Trevor Baca Adams and I first met by our office tea kettle. He’s our merchandising coordinator and I’m a copywriter, but it turns out we both drink our weight in Assam, favor cravat-heavy films set in the 18th century (hi, Amadeus), and like jazz songs about dogs.
But more than anything else, we’re both unapologetic condiment junkies. For me, it’s mustard (I recently caught four—F-O-U-R—different kinds of dijon loitering in my fridge door), but for Trevor, it’s chili sauce. And that’s where our similarities come to a screeching halt. You see, his tolerance for spicy foods outstrips mine by, well, continents: His mother's side of the family is from Coahuila, a state in Northern Mexico. His great-grandfather emigrated to New Mexico. He likes chili peppers. He knows chili peppers. Which is why I asked him to try out this Xilli chipotle in adobo. Meanwhile, I went home to re-alphabetize my mayo collection.
The word “chipotle” is derived from Nahuatl (the language of the Aztecs), a combination of the words chi (chile) and poctli (smoked). It’s made from a pepper called a Morita, found in the jalapeño family. The “adobo” comes from adobado—Spanish for “marinated.” And sure, you could find them canned just about anywhere, but Xilli makes theirs in small batches in Brooklyn with authentic, consciously-sourced ingredients straight from Mexico. The result is fall-apart-tender, semi-sweet and deeply campfire-y...like the best enchilada sauce you’ve ever had, but way bolder and thickly textured.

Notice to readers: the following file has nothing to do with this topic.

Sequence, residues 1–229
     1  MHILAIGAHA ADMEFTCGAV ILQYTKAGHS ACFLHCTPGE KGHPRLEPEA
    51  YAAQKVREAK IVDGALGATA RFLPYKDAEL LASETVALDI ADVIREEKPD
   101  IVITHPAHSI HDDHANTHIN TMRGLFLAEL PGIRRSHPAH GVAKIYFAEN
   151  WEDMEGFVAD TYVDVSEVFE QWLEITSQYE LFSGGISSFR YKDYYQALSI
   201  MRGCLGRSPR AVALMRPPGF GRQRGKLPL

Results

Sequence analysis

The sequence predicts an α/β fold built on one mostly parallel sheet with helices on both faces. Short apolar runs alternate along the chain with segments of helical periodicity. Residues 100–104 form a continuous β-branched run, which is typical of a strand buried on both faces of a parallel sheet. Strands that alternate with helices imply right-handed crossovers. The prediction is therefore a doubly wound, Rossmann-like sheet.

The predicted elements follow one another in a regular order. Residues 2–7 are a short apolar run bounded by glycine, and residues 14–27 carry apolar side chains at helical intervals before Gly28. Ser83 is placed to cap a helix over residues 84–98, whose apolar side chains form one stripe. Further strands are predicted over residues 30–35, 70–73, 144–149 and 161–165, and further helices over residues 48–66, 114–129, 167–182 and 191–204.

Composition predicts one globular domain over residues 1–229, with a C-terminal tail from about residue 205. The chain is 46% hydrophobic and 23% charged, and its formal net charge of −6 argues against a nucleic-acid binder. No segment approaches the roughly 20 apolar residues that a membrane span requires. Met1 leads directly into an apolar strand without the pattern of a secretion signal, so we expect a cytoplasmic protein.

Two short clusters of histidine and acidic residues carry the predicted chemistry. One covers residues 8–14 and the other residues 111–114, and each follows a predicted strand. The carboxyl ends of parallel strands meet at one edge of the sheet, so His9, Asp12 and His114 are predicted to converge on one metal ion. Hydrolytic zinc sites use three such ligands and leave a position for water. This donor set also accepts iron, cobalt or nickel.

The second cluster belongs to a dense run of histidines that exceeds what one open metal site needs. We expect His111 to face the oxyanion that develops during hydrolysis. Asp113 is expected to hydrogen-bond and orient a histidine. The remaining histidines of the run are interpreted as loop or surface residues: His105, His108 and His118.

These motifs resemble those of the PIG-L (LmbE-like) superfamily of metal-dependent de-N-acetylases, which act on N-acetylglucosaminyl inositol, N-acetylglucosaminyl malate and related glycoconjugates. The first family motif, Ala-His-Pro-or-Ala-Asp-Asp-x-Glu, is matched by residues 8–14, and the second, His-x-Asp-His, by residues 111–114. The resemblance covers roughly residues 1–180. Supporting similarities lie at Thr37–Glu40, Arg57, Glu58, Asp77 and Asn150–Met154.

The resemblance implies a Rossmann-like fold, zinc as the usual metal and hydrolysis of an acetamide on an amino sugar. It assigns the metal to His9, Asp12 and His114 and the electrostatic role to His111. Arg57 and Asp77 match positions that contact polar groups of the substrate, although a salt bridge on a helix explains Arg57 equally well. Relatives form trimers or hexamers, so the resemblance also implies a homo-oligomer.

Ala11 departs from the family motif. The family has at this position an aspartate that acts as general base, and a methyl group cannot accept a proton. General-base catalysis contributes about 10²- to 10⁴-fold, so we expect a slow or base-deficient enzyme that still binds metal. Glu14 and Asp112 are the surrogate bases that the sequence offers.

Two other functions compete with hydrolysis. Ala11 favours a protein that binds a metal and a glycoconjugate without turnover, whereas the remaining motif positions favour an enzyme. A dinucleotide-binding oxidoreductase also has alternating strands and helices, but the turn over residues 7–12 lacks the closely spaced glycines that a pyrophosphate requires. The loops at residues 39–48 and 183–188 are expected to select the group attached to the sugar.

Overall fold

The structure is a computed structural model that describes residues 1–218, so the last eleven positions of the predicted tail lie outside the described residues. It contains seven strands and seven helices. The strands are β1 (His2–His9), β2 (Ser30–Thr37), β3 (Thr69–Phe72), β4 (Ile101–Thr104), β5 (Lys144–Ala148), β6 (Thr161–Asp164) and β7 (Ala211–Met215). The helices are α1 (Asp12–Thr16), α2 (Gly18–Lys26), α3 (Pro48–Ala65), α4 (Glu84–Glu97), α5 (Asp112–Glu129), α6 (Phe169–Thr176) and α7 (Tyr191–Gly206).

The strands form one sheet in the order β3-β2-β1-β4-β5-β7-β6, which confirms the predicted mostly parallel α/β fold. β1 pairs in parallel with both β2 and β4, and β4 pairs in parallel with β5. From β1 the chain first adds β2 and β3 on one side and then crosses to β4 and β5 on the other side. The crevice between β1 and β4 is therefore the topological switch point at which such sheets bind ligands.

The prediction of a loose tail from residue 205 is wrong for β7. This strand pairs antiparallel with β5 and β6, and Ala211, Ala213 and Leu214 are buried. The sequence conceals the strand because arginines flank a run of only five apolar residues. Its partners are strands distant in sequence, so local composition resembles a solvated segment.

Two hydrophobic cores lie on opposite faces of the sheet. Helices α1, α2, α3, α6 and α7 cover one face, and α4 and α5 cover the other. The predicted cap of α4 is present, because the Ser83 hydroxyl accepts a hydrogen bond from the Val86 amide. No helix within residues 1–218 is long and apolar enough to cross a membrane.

This is why, when our Shop team asked me to develop a recipe using this sauce, I politely shoved it toward Trevor. Not only does he understand the significance of the chili pepper more than anyone I know—he's also a dang good cook. While attending culinary school in Paris, Trevor told me he constantly found himself returning to Mexican culinary traditions and techniques, since (in his words) “they work.” A total understatement, because when I tasted his sauce—a taste first, then a spoonful—I rolled my eyes heavenward in tearful silence. Full disclosure: This was partially due to the blazing heat. It was spicy. Really spicy. But I could also taste the smoke in the chipotle, the acid from the vinegar, and even a sort of warm fruitiness that made the pain, well, worth it.
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His recipe features a standard adobo (sauce traditionally used to marinate meat), but incorporates a mix of three chiles, all very distinct in flavor to give it a little complexity. You don’t have to use all three. In fact, when I make it this weekend, I’m just using the Xilli because, yeah, I’m a lightweight and don’t want to down a gallon of milk in between bites. Totally your call, of course. You can also sub in a wide variety of meats, but Trevor tends to stick to tougher cuts like beef, pork butt, and lamb for the best flavor. Needless to say, the best way to serve this dish is with homemade tortillas. Last time I ran into him in the team kitchen for our ritual 2 p.m. tea, I asked what his technique was—but that, he said, would have to wait for another article.
Have you cooked with chipotle peppers? Tell us about your favorite recipe below!